That seemed to be going pretty well, but I typically run one half-marathon and one full marathon each year and I noticed that when I did Body Beast, I tended to put on weight. This was particularly true during that time when I wasn't really doing anything as far as nutrition and would justify eating too much because I was "bulking". Toward the end of 2015, I decided I would just change when I did the workouts and kind of target a bigger, more muscular winter body (when I usually don't run any races) and a leaner summer body for when I run my races. My workout schedule changed to Body Beast from January - March, P90X (2 rounds) from April - September, and another round of Body Beast from October - December.

So I started 2016 with a round of Body Beast, but was again eating too much. I got back up to 220. I will say that I was still in fairly good shape, I still ran 20-30 miles per week. But I was definitely heavier than I wanted to be. At around that time, I changed my life insurance policy and because of my weight, I did not qualify for the super preferred rate that I had previously. I decided that I needed to do something differently. That's when I discovered Lose It!


I've pretty well described the programs I do and when I do them. In addition to the weight programs I do, I also run six days a week, for 48 weeks out of the year. I take 4 weeks off from running, spread throughout the year. If you're interested, I've made my exercise calendar and a Google Spreadsheet I use to track my Body Beast workouts available. The time of day I exercise has varied based on my work schedule, but generally I prefer mornings. Currently, I go the gym at about 5 AM.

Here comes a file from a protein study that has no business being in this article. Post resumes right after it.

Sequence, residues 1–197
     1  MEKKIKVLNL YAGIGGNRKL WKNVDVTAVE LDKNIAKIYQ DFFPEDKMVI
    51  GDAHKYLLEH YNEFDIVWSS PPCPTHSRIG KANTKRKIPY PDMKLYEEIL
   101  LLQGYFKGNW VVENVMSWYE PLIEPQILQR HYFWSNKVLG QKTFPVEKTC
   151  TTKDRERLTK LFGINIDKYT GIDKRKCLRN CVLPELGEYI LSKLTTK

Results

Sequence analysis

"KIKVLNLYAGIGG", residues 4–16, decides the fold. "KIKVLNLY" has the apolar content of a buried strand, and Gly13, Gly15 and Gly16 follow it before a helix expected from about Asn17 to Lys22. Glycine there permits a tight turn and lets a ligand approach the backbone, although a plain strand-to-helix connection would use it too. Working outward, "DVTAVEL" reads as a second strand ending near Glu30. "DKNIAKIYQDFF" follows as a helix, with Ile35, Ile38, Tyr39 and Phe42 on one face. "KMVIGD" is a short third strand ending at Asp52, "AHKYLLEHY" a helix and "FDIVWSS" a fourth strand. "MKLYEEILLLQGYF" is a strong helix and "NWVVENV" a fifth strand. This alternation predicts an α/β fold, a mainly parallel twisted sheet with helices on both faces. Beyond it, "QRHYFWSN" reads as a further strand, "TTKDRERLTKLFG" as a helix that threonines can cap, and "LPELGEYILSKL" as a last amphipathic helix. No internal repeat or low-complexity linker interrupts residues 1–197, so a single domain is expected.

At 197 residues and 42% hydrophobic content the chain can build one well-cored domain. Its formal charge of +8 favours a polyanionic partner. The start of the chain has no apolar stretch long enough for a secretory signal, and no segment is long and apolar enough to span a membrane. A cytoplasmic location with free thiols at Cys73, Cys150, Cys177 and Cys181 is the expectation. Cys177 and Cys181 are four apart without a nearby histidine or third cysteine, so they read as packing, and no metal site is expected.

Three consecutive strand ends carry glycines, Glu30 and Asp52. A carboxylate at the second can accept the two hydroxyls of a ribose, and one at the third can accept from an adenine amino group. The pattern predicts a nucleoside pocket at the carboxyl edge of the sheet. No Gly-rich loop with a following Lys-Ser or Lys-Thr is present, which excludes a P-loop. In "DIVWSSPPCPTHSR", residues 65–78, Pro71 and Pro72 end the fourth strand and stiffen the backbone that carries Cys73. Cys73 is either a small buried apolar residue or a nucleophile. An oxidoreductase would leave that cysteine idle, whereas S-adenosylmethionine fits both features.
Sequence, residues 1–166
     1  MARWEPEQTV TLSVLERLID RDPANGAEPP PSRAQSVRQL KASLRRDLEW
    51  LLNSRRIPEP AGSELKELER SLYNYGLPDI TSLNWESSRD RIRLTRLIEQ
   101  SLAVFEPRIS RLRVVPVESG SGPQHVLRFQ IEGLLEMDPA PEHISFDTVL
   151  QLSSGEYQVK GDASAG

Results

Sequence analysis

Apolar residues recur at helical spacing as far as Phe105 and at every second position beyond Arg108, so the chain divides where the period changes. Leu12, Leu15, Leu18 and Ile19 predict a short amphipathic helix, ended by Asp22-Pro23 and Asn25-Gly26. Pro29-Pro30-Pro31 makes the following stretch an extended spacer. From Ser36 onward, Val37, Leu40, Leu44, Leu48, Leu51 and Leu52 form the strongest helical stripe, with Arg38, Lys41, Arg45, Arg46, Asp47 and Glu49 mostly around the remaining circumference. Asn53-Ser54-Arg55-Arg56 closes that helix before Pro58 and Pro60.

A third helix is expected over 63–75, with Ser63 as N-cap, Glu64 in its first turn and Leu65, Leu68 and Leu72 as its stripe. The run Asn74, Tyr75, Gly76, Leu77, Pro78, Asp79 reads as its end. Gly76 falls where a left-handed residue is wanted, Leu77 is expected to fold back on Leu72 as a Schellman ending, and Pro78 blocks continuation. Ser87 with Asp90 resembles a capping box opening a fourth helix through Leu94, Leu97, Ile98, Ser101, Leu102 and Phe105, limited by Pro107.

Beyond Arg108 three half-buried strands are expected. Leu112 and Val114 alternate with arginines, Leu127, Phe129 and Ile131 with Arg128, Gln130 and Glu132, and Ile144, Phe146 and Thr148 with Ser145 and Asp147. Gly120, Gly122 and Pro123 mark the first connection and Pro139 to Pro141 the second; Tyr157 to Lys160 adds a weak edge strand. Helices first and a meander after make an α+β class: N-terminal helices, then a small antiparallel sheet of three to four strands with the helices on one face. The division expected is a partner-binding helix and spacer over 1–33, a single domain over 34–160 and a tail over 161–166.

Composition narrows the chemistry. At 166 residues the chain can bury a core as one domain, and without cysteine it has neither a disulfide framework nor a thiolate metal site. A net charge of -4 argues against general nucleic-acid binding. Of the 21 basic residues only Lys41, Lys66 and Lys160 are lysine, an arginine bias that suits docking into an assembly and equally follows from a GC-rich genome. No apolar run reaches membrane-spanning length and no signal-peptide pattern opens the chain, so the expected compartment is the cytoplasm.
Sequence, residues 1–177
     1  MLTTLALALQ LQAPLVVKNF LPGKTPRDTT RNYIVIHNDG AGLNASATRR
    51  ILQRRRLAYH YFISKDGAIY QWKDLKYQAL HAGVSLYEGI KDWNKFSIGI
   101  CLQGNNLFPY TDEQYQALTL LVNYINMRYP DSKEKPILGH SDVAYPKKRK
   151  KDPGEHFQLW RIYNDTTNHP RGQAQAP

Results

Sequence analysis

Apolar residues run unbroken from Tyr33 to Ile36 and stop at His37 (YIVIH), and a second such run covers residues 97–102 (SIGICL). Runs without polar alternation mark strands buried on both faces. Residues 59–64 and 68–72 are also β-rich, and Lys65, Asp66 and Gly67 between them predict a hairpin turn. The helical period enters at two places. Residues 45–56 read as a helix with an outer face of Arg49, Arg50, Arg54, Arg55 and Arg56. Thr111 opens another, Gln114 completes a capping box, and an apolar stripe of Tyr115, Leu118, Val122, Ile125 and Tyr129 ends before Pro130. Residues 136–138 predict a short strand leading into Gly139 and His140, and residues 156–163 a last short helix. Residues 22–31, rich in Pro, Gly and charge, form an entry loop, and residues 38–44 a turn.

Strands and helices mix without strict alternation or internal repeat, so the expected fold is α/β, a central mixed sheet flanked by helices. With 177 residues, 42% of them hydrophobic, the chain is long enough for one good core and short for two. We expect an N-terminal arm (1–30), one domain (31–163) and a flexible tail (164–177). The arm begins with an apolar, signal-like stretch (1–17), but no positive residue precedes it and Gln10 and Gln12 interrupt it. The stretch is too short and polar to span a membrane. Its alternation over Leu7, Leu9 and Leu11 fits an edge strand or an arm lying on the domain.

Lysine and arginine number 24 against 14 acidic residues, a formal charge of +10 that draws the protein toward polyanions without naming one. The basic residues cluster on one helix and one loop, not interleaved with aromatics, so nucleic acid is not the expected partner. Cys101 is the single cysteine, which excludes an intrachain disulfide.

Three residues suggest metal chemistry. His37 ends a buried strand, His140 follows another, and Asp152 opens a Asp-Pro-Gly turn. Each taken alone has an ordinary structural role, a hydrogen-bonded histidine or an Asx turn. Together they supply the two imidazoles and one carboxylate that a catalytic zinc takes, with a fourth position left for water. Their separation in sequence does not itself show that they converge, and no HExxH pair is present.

I do my lifting and running back to back, mostly out of convenience. I researched a little bit about whether it was better to do cardio first or last. I think the overall conclusion was that it doesn't really matter, but there was something that said that if you lift first your protein and glycogen levels are down so that your cardio will primarily burn fat. I don't know if that's true, but that's what I do. There was a time that I ran first and then did weights and I definitely feel that running afterward is more effective, but the ideal might be to separate them by a few hours. I just don't have the time to do that.


I feel this has been the biggest game-changer for me personally, but at the same time, I don't feel I do anything too crazy. I don't have any "prohibited foods". I still eat sugar, butter, ice cream, cake, etc. I do count calories and that is where the Lose It! app has come in. I'm sure there are other apps (My Fitness Pal, for example) that do something similar, but basically I am able to put in my height, weight, and age, and then what I want to lose and Lose It! gives me a target calorie intake for the day. Then I just have to enter everything that I eat, as well as the exercise that I do and keep my net calories under the target.